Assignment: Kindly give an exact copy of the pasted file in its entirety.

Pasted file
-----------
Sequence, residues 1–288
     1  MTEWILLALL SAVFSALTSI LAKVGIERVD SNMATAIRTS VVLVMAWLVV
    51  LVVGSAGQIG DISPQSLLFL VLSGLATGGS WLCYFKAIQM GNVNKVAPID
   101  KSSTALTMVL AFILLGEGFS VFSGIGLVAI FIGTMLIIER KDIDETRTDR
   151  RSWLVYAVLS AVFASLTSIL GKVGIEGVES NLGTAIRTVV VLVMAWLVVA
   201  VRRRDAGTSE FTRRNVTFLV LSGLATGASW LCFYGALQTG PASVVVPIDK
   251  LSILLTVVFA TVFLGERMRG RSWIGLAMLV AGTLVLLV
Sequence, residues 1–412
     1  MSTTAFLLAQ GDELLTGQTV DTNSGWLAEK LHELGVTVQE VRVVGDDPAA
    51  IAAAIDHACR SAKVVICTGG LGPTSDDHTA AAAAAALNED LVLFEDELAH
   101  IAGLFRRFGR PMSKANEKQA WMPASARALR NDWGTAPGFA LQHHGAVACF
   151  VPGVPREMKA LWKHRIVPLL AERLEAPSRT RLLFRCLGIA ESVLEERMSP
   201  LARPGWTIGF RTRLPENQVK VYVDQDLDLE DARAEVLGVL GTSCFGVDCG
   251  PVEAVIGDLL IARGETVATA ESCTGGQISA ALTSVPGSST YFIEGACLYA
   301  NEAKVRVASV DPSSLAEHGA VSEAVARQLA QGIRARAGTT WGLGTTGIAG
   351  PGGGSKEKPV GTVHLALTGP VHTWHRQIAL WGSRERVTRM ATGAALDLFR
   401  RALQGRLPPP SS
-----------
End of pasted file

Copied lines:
Sequence, residues 1–288
     1  MTEWILLALL SAVFSALTSI LAKVGIERVD SNMATAIRTS VVLVMAWLVV
    51  LVVGSAGQIG DISPQSLLFL VLSGLATGGS WLCYFKAIQM GNVNKVAPID
   101  KSSTALTMVL AFILLGEGFS VFSGIGLVAI FIGTMLIIER KDIDETRTDR
   151  RSWLVYAVLS AVFASLTSIL GKVGIEGVES NLGTAIRTVV VLVMAWLVVA
   201  VRRRDAGTSE FTRRNVTFLV LSGLATGASW LCFYGALQTG PASVVVPIDK
   251  LSILLTVVFA TVFLGERMRG RSWIGLAMLV AGTLVLLV
Sequence, residues 1–412
     1  MSTTAFLLAQ GDELLTGQTV DTNSGWLAEK LHELGVTVQE VRVVGDDPAA
    51  IAAAIDHACR SAKVVICTGG LGPTSDDHTA AAAAAALNED LVLFEDELAH
   101  IAGLFRRFGR PMSKANEKQA WMPASARALR NDWGTAPGFA LQHHGAVACF
   151  VPGVPREMKA LWKHRIVPLL AERLEAPSRT RLLFRCLGIA ESVLEERMSP
   201  LARPGWTIGF RTRLPENQVK VYVDQDLDLE DARAEVLGVL GTSCFGVDCG
   251  PVEAVIGDLL IARGETVATA ESCTGGQISA ALTSVPGSST YFIEGACLYA
   301  NEAKVRVASV DPSSLAEHGA VSEAVARQLA QGIRARAGTT WGLGTTGIAG
   351  PGGGSKEKPV GTVHLALTGP VHTWHRQIAL WGSRERVTRM ATGAALDLFR
   401  RALQGRLPPP SS